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Alexander v. Haas

United States District Court, E.D. Michigan, Southern Division

August 11, 2016

MYLES ALEXANDER #862651,
v.
RANDALL HAAS, ET AL., Defendants.

          Myles Danard Alexander, Plaintiff, Pro Se.

          Randall Haas, Defendant, represented by Allan J. Soros, Michigan Department of Attorney General.

          Michael J. Marutiak, Defendant, represented by Allan J. Soros, Michigan Department of Attorney General.

          Cascelia Brown-Brandon, Defendant, represented by Allan J. Soros, Michigan Department of Attorney General.

          REPORT AND RECOMMENDATION

          R. STEVEN WHALEN, Magistrate Judge.

         On December 8, 2014, Plaintiff Myles Alexander, a prison inmate in the custody of the Michigan Department of Corrections ("MDOC"), filed a pro se civil complaint under 42 U.S.C. § 1983. Before the Court are two motions to dismiss, or in the alternative for summary judgment, filed by Defendants Cascelia Brown-Brandon ("Brandon") and Michael J. Marutiak ("Marutiak")[Doc. #35], and Randall Haas ("Haas")[Doc. #38], respectively. The two motions have been referred for a Report and Recommendation under 28 U.S.C. § 636(b)(1)(B). I recommend that both motions be GRANTED, and that the complaint be DISMISSED WITH PREJUDICE as to these Defendants.

         I. FACTS

         At the time of the events giving rise to Plaintiff's claims, he was incarcerated at the G. Robert Cotton Correctional Facility in Jackson, Michigan. Defendant Haas was the Warden of the Cotton Facility, Defendant Marutiak was an Administrative Hearings Officer, and Defendant Brown-Brandon was a Deputy Warden. Plaintiff alleges that Haas and Brandon were members of the prison's Security Classification Committee.

         In his complaint, Mr. Alexander raises three causes of action, which he labels as fraud (Count I), negligent misrepresentation (Count II), and breach of fiduciary duty (Count III). His claims are based an allegation that Defendants Roth and Howard lied on a misconduct report, resulting in his placement in administrative segregation. The charge arose from an incident in which a female located outside the prison threw a football over a fence and into the prison yard. This was no ordinary football: it contained three cell phones, tobacco, marijuana, and a white substance believed to be heroin. The misconduct report states that Mr. Alexander admitted that he arranged to have contraband smuggled into the prison. Mr. Alexander now claims that Defendants Howard and Roth lied, and that he had nothing to do with the football or the contraband.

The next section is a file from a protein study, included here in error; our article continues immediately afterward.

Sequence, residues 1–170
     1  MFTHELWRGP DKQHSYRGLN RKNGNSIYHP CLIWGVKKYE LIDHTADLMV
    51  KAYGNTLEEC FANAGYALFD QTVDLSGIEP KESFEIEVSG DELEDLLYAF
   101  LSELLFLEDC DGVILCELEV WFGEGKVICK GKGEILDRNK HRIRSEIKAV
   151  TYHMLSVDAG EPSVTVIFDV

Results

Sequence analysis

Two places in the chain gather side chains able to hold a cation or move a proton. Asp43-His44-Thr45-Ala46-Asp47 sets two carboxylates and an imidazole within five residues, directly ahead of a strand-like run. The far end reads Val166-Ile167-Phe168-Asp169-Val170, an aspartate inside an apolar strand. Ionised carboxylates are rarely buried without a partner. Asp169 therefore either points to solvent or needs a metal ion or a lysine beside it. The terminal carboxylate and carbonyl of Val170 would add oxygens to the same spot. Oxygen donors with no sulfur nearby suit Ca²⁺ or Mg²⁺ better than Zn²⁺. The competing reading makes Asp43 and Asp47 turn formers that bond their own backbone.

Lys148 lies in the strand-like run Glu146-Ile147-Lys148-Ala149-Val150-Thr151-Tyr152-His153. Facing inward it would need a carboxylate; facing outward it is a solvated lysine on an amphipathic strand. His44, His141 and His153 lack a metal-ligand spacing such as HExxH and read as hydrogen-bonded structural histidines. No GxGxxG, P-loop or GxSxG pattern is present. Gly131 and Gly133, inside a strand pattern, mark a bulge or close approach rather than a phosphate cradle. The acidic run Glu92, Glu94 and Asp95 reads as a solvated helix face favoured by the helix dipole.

Plaintiff alleges that Howard and Roth lied about Plaintiff's involvement in the football incident with the intent to induce Haas, Brandon, and Martuiak to pursue disciplinary action against him. Complaint [Doc. #1], ¶ 14. He states that at the time Howard and Roth made their false representations, Haas, Brandon, and Martuiak "believed them to be true and had no reasons to believe that said representations were untrue." Id. ¶ 15. He states that "[h]ad they known the true facts they would not have taken such action" (i.e., placing him in administrative segregation). Id.

         In Count II of his complaint (negligent misrepresentation), Plaintiff alleges that Howard and Roth did not have sufficient information to make their allegations of misconduct, and that they "concealed from the remaining defendants their lack of information and data that prevented them from making a true evaluation of the facts." Id. ¶ 17. Plaintiff states that Defendants Haas, Brandon, and Martuiak "justifiably relied on said representations." Id. ¶ 18. He reiterates that Haas, Brandon, and Martuiak believed Howard's and Roth's misrepresentations to be true, and had no reason to believe otherwise. He states that Haas, Brandon, and Martuiak relied on these false representations in placing him in administrative segregation, and that they would not have taken that action had they known the true facts. Id. ¶ 19.

         The present Defendants move for dismissal based on failure to exhaust administrative remedies, failure to state a constitutional claim, and qualified immunity.

         II. STANDARD OF REVIEW

         A. Rule ...


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